It's tough, but it's the most rewarding work that I can do. Especially when we find and get to teach people like Lidya!! She's luar biasa! Because she had that run in with her parents last week, she had a ton of questions when we met last Saturday. We had planned on teaching about obedience, but I think it was the Spirit that lead us as we taught her more according to her needs. As we started to do that, by reading passages of scripture and drawing upon our own knowledge and experience, the Spirit taught. Not us. Yah, we were the instruments, but I felt like it was the first time for me and Elder Hendro that we taught together through the Spirit according to the investigator's needs. That's really when missionary work begins. I shared a scripture from Joseph Smith History, I think verse 26 where it says that Joseph was confused as to why people hated him and persecuted him for saying he had seen a vision. He knew it, and he knew that God knew it, and he could not deny it. Even though we may face persecution, hatred, or even physical abuse for what we know to be true, it doesn't diminish the fact that we know the truth. And should stand by it till death. Lidya has been such a great example to me of that!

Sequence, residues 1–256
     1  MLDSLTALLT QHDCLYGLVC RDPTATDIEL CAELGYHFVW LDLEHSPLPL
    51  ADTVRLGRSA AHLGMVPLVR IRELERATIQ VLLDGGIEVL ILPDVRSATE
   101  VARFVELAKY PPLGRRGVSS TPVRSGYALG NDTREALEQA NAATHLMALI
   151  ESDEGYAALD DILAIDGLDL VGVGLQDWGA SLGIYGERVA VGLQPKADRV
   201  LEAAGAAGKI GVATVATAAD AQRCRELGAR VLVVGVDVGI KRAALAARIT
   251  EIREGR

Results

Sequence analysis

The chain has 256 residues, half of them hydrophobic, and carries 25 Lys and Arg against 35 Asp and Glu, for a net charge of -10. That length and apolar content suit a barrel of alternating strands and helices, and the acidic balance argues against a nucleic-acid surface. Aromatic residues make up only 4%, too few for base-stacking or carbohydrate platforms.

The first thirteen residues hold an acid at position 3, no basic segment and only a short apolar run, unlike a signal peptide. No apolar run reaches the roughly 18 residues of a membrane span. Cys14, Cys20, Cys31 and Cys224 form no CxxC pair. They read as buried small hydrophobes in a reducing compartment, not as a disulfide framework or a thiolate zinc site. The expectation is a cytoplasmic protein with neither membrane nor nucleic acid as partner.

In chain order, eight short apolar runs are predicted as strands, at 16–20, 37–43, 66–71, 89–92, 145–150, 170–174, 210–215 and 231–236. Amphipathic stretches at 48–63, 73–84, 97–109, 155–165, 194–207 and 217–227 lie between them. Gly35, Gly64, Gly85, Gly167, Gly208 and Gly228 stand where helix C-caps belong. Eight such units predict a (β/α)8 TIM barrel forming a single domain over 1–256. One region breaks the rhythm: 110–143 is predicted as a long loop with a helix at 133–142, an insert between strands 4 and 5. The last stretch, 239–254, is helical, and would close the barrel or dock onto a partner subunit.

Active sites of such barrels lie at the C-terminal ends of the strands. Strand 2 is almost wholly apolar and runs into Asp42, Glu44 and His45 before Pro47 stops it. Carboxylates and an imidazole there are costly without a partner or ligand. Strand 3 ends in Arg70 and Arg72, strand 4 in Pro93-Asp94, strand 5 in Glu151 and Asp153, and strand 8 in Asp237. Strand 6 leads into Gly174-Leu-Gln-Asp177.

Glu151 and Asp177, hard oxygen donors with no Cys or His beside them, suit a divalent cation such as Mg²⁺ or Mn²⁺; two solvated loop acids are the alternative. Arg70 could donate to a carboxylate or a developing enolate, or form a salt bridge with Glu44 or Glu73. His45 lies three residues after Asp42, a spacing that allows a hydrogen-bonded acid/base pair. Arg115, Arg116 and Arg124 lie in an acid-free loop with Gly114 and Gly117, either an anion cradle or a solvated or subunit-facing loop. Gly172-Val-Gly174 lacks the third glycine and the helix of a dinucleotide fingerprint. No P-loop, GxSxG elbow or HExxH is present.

Zone Training Meeting! The Elders here in Surabaya and Sidoarjo got to go to Malang, a city about three hours away, for ZTM! There we learned about the changes President Donald wants us to make, like how we get to use Facebook now for proselyting purposes (still don't know how that's gonna work), he wants us to carry around a Book of Mormon everywhere we go, and he wants us to look more modern by maybe buying and wearing a shoulder bag instead of a backpack. We also learned how important it is to give commitments to people while we teach them because it's such a key indicator as to whether or not they're serious and also to give them a choice to accept what we say or reject it. Yes or no. No gray area. :)

Saya tahu bahwa meskipun itu sedikit sulit kadang-kadang, itu paling harga untuk menemukan orang lain siap untuk menerima Injil ini yang Paling Bagus! Saya tahu bahwa kerja ini adalah kerja paling baik yang saya bisa melakukan untuk 2 tahun! Terima Kasih untuk semuanya dan saya masih berdoa untuk anda setiap hari!

Elder Barrus